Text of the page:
Thursday, February 17, 2011

Bill to curb state vehicle misuse is defeated

A measure aimed at curbing potential misuse of state vehicles, making its second journey in two years through the legislature, was once again defeated Tuesday at the capitol.

The defeated measure, Senate Bill 23 by Republican Sen. Kent Lambert, of Colorado Springs, was considered today in the Senate Transportation Committee. With his bill, Lambert wanted state employees to reimburse the state for miles driven to and from work in a state owned vehicle—miles that are already taxed by the IRS as a fringe benefit.

“Very few people get to have a company car to drive back and forth to work,’ said Lambert. “Free rides on the taxpayer’s dime shouldn’t be happening and we need more accountability for this practice.”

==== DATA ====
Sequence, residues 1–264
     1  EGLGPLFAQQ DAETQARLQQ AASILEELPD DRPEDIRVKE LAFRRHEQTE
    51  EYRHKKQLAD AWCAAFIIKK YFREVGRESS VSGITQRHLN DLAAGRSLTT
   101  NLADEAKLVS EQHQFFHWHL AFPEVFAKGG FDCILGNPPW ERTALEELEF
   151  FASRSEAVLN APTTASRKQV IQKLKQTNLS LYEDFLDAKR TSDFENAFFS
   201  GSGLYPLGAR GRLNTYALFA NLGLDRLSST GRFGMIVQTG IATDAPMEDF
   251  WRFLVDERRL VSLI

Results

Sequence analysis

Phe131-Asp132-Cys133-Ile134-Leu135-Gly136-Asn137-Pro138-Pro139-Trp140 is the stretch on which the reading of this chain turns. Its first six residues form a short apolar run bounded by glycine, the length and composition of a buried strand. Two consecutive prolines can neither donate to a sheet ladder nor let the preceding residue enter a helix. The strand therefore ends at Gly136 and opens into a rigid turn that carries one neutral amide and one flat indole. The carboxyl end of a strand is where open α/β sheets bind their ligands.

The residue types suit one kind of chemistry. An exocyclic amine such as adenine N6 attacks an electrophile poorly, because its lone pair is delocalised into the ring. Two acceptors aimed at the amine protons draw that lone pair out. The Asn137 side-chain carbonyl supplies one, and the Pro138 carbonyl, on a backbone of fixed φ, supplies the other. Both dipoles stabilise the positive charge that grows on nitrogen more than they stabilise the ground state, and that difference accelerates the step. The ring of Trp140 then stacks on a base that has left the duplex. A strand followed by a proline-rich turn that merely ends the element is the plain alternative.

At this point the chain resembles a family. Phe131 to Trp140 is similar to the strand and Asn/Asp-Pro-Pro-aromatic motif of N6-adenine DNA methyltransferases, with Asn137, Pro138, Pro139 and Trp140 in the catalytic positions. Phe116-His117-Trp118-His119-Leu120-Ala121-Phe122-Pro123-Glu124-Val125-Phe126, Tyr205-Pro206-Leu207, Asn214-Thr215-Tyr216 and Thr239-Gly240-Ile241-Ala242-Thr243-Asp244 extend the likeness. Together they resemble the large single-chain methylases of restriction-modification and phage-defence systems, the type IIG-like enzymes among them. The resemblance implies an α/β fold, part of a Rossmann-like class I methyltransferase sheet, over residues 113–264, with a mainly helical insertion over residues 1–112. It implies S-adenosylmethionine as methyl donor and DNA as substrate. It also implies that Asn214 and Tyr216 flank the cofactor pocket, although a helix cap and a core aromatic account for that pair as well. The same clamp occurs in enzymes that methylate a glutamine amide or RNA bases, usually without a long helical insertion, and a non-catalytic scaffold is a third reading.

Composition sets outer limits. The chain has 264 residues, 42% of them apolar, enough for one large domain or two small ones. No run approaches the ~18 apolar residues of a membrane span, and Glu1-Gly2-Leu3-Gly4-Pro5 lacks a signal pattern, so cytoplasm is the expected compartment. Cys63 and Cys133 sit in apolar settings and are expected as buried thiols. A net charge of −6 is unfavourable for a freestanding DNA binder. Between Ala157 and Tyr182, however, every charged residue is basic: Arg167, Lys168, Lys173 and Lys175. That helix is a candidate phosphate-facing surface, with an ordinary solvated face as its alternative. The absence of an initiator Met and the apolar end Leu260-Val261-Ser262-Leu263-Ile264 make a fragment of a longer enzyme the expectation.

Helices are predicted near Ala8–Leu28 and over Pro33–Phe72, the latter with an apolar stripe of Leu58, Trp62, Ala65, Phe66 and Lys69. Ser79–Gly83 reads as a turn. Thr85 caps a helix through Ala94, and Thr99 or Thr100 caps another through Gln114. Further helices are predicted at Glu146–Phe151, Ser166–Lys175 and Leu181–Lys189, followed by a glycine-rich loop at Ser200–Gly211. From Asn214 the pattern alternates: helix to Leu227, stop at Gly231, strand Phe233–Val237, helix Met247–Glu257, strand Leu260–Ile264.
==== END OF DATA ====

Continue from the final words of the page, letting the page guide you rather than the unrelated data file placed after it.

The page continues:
The measure identified what constitutes commuting to and from work and specifies that the state employee must compensate the state for those commuting miles. Defining what a commute is became the focus of discussion especially in the case of first responders, particularly those in rural areas who are on call 24/7, many of whom do not have an office they commute to on a daily basis.

Sen. Nancy Spence, R-Centennial, said she couldn’t support the bill because of the adverse impact it may have had on law enforcement who must have their work-equipped vehicles at home in order to respond quickly to emergency situations.

“I can’t turn my back on law enforcement who will be hurt by this bill,” said Spence. “ It’s not fair to ask them to pay for a tool that they are required to use.”

Lambert remained steadfast that in his belief that abuses could be weeded out without creating hardships of those who legitimately used the vehicles for work purposes.

Via - Colorado News Agency

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